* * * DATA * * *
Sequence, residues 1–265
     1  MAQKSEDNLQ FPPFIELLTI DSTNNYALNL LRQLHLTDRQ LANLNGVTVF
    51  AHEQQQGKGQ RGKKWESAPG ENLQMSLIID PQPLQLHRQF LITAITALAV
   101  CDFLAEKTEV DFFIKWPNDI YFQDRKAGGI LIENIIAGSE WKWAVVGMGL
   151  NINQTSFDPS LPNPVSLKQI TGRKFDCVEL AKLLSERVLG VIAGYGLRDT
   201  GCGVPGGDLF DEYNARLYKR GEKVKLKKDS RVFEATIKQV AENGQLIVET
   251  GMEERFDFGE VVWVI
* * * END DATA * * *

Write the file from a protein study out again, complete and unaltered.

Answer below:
Sequence, residues 1–265
     1  MAQKSEDNLQ FPPFIELLTI DSTNNYALNL LRQLHLTDRQ LANLNGVTVF
    51  AHEQQQGKGQ RGKKWESAPG ENLQMSLIID PQPLQLHRQF LITAITALAV
   101  CDFLAEKTEV DFFIKWPNDI YFQDRKAGGI LIENIIAGSE WKWAVVGMGL
   151  NINQTSFDPS LPNPVSLKQI TGRKFDCVEL AKLLSERVLG VIAGYGLRDT
   201  GCGVPGGDLF DEYNARLYKR GEKVKLKKDS RVFEATIKQV AENGQLIVET
   251  GMEERFDFGE VVWVI